It’s been a while since my last real sea kayak expedition. I admit this knowing that I’ll find strength in numbers and I have the largest part of our readership standing beside me talking on their cell phones, covered in drywall dust and Gerber non-sweetened applesauce. Life for me at 35 has pretty much unfolded as everyone older than me said it would: job (granted, a cool one), house and family. I’m still paddling, more than they said I would be, more than I have ever before. But it’s different now.

I used to be able to look back on a year and see the rows of days filled in on my calendar. Silver Islet to Rossport— 10 days. The Trent Severn Waterway— two weeks. A week out and back exploring Tangier, Nova Scotia. I’m on the water as much as ever, but you wouldn’t know it by my calendar. Sea kayaking for me was like a vacation, a getaway. Lately it’s more like going for bike ride or throwing the ball around, something I’d do for a few hours after cutting the grass on a sunny Saturday afternoon.

Outfitters all over North America are changing their summer programs from 10-day adventures to weekends, day trips and even half days. The coolest job out there used to be wilderness sea kayak guide, now it’s tour guide. It’s far less romantic, but what can you do? Clients are just too busy and won’t commit to being away for seven days at a time. The horrible irony is, of course, that as a society we’ve never needed a week’s holiday more than we do now. Paddling within Blackberry range is also changing the types of boats on the market. Ten years ago a sea kayak was a sea kayak, roughly 17 feet long and perfect for an extended trip. Today we have specialized fishing kayaks, fitness shells, beach boats and light touring sea kayaks—boats sure to get you out on the water when you can’t get out for long periods of time. Our expedition 17-footers are fine for long trips but these new boats make it easier to get out for a couple hours here and there. Kayaking used to be a way of making distance, these days going kayaking is about making time.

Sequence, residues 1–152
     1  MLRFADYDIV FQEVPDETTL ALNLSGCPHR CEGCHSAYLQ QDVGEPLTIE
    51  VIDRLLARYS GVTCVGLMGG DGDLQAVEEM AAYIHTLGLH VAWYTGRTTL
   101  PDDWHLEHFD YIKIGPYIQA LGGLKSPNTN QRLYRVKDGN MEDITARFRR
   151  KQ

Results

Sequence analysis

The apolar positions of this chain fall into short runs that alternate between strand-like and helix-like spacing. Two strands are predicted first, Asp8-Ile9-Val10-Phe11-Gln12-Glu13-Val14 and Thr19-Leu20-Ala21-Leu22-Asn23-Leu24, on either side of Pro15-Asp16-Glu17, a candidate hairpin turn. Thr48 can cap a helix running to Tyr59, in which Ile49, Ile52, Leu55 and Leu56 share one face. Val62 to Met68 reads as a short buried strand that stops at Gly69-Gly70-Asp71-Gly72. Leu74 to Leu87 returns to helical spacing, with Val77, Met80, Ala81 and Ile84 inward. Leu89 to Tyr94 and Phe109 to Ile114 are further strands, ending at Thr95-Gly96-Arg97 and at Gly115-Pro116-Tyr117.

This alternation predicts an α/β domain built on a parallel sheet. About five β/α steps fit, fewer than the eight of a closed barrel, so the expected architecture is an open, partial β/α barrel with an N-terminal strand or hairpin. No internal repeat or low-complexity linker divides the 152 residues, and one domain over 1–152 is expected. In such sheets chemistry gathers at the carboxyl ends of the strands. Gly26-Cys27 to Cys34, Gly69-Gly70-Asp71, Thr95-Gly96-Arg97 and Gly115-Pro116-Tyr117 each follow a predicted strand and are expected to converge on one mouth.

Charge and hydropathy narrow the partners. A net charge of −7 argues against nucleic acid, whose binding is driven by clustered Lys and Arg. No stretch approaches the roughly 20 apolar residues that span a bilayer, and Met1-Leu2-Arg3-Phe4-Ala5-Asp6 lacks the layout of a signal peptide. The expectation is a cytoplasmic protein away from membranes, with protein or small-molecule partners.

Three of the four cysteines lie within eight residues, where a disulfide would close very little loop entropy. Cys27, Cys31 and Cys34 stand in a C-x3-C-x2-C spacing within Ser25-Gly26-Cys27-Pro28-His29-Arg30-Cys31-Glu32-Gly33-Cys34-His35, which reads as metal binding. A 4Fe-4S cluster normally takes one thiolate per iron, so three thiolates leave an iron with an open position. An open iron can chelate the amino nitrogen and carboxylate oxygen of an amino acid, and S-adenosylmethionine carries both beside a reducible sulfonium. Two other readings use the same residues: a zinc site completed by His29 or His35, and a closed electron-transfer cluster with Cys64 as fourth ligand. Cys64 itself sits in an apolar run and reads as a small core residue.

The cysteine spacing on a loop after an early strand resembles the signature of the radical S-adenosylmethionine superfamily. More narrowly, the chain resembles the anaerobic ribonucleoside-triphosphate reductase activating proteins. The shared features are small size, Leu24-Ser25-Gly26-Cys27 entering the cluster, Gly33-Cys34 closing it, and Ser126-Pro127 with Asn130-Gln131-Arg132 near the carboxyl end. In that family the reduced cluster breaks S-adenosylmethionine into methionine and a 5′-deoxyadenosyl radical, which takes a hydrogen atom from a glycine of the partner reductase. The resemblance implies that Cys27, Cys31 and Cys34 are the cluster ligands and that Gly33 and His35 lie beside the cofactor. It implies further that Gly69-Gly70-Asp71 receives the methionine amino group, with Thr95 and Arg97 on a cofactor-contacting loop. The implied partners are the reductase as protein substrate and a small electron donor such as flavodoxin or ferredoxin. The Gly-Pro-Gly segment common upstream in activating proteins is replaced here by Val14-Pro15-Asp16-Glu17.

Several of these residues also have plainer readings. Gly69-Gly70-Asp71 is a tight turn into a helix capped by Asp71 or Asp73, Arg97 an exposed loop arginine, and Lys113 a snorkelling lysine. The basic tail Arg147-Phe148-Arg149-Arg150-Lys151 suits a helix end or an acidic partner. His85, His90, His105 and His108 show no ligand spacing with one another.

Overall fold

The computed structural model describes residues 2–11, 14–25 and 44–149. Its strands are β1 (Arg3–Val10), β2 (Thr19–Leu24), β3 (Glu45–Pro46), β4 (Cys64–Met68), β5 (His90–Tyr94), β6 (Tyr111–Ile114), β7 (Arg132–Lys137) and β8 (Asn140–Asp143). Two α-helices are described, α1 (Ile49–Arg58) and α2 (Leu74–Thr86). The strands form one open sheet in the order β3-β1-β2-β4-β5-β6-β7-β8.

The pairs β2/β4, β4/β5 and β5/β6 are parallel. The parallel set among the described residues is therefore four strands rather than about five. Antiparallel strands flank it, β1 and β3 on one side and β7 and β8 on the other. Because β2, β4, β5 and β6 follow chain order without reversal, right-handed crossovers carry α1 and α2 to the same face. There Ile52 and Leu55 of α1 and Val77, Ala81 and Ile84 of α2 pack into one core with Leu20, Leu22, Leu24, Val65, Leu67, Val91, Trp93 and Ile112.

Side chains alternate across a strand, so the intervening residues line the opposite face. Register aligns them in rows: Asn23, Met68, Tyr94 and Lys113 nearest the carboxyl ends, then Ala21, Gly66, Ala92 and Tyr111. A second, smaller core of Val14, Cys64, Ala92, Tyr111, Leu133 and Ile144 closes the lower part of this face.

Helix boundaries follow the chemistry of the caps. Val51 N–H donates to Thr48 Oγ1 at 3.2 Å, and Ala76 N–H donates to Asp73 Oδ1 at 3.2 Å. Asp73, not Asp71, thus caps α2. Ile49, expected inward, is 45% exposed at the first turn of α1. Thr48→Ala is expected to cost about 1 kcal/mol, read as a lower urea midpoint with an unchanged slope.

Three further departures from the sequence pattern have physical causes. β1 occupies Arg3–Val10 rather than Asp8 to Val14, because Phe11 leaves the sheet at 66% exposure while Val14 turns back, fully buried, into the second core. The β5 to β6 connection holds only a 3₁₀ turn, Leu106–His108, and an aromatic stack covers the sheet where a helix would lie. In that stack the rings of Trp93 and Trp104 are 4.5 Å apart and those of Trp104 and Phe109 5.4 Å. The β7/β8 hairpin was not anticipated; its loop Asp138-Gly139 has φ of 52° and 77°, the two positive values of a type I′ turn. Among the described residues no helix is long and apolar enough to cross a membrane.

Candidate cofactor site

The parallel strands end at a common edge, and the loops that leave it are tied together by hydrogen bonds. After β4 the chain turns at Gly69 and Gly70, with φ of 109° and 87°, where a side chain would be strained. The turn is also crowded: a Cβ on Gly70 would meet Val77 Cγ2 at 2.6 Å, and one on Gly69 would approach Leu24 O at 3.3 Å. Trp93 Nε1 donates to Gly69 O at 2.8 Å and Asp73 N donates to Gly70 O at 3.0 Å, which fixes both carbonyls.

To survive in our mini-adventure culture I’ve learned to be ready to go on a moment’s notice. Everything has to be in one place, mine’s all in one Rubbermaid bin. I have my gear set like a fireman so I can slide down the pole and step into my boots, pull up my bibs and jump onto the moving truck. If you don’t hurry you’ve burned up time you could have spent on the water.

Last week when trout season opened I was rigging my fishing kayak and getting ready to push off. I was about to lock my truck and hide the keys and saw my cell phone on the dash. For a moment, only a quick moment, I thought about sliding it into my radio pocket in case the office needed to reach me. But I didn’t. That would be going just a little too far.


This article originally appeared in Adventure Kayak, Summer 2006. Download our free iPad/iPhone/iPod Touch App or Android App or read it here. 


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